Interestingly, they are among the healthiest dog breeds and have fewer health-related issues. Along with that, they may get other common diseases and viral infections that other dogs do get. But unlike other small breeds, their lifespan is just around 12 to 14 years.
So, let’s have a look.
Retained Milk Teeth
A retained milk tooth is the one that is supposed to be erupted by the age of six weeks but doesn’t erupt and occupies the place of the permanent tooth. It can cause an abnormal eruption of the permanent tooth.
Due to this problem, the puppy’s bite pattern becomes abnormal. Many other small breeds such as the Yorkshire Terrier, Maltese, and Poodles are prone to this disease and may not lose their baby teeth. Some of the common symptoms of Retained Milk Teeth are swollen and red gums, bad breath, and improper teeth positions.
If found any of the mentioned problems in your Prague Ratter dog, get them checked by your vet. The vet usually examines the puppy’s mouth and suggests some x-rays to diagnose the problem.
The dislocation of the kneecap from its actual position is known as Patellar Luxation. It is usually caused due to some genetic malformation. Also known as Kneecap Dislocation, it is one of the common abnormalities of the knee joint in small-sized dog breeds such as Pekingese, Chihuahua, Maltese, Toy Poodle, Jack Russel Terrier, and Yorkshire Terrier.
The common symptoms of this painful disease are the abnormal movement of your dog’s hindlimb and sudden lameness. It is recommended to take your puppy to the vet ASAP if these symptoms are witnessed. The vet may take a fluid test from the affected joint and some x-rays to diagnose the problem.
Prague Ratter Puppy Price and Maintenance Cost
You may get a Prague Ratter puppy somewhere between $1000 and $2500 depending on different factors and the breeder’s reputation. It is recommended to get the puppy from a responsible breeder to eliminate the chances of genetic problems in your dog.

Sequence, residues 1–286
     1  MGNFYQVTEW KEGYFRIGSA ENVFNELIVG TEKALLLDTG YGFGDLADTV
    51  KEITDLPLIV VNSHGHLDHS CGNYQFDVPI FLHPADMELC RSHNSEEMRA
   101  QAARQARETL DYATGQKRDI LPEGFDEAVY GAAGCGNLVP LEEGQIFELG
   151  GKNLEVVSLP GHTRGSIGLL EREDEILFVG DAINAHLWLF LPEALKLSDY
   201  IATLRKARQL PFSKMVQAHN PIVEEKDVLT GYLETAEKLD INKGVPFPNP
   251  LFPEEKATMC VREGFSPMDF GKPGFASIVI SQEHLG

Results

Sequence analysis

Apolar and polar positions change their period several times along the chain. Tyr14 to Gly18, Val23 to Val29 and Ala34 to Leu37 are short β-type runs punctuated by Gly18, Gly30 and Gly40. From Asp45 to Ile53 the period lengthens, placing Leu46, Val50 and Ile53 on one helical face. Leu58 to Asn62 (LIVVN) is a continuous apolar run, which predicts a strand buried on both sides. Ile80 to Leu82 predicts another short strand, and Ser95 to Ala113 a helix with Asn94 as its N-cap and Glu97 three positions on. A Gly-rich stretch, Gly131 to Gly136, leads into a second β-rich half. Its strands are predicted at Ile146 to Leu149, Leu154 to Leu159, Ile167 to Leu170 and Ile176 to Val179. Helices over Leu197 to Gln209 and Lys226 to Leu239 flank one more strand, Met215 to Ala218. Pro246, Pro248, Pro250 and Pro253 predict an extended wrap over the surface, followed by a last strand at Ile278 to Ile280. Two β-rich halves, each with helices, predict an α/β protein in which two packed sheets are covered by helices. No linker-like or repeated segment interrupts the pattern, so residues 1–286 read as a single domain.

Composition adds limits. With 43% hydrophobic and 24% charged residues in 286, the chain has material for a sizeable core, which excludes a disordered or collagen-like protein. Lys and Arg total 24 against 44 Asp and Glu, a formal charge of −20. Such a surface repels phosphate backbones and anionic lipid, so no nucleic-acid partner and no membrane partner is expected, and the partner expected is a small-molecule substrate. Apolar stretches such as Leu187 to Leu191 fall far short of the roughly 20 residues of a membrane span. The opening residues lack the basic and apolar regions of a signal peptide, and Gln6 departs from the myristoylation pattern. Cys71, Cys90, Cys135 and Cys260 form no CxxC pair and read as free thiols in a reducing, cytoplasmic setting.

They are low-maintenance dogs and their grooming requirements are low. So, you should expect to spend between $500 to $750 a year on their food, regular vet visits, and other common supplies such as a crate, leash, collar, bowl, treats, and grooming tools.
Prague Ratter FAQs
And here are some frequently asked questions about the Prague Ratter dogs.
Do Prague Ratters bark more or less?
Yes, they are more likely to bark excessively if they are not trained not to bark at an early age. They should be given proper obedience training to keep them from unnecessary barking habits.
Do Prague Ratters shake in cold weather?
Yes, they are small-sized dogs with short coats that would not be enough to save them from extreme cold. So, as a result, they’ll shake or tremble. Make sure to cover them in a sweater or jacket when the weather is cold.
How big is a full-grown Prague Ratter?
A fully grown Prague Ratter may weigh between 3.3 pounds and 7.7 pounds while they may stand between 7.5 inches to 10 inches.
Top 10 Prague Ratter Names for 2022
These are the 10 best Prague Ratter names for the year 2020. We extracted these names from several forums.
The Prague Ratter is an all-rounder dog that won’t leave your lap. It is obedient, responsive, friendly, and amazingly fast. With fewer cons and health-related issues, they may be an ideal choice for you as your next dog.